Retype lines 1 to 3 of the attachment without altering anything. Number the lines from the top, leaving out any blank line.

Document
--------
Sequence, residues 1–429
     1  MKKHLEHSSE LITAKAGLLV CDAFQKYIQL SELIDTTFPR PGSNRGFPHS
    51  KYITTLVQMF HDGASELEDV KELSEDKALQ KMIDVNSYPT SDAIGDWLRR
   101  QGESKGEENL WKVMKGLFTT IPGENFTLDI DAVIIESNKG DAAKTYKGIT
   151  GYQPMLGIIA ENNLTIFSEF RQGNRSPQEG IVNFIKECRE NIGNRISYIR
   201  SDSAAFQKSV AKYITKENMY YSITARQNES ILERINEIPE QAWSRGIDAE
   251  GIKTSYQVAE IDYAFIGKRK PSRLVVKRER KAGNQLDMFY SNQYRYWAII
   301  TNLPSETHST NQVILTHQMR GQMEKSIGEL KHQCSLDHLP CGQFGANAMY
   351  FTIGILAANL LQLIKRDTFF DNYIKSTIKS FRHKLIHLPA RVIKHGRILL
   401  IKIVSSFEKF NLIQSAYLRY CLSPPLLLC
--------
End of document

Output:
Sequence, residues 1–429
     1  MKKHLEHSSE LITAKAGLLV CDAFQKYIQL SELIDTTFPR PGSNRGFPHS
    51  KYITTLVQMF HDGASELEDV KELSEDKALQ KMIDVNSYPT SDAIGDWLRR